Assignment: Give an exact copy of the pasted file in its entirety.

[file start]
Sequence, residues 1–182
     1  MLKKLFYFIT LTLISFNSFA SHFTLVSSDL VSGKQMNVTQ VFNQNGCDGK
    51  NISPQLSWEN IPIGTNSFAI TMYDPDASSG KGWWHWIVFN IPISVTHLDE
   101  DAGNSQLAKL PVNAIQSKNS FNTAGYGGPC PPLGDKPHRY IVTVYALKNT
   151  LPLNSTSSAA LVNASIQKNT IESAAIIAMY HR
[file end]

Sequence, residues 1–182
     1  MLKKLFYFIT LTLISFNSFA SHFTLVSSDL VSGKQMNVTQ VFNQNGCDGK
    51  NISPQLSWEN IPIGTNSFAI TMYDPDASSG KGWWHWIVFN IPISVTHLDE
   101  DAGNSQLAKL PVNAIQSKNS FNTAGYGGPC PPLGDKPHRY IVTVYALKNT
   151  LPLNSTSSAA LVNASIQKNT IESAAIIAMY HR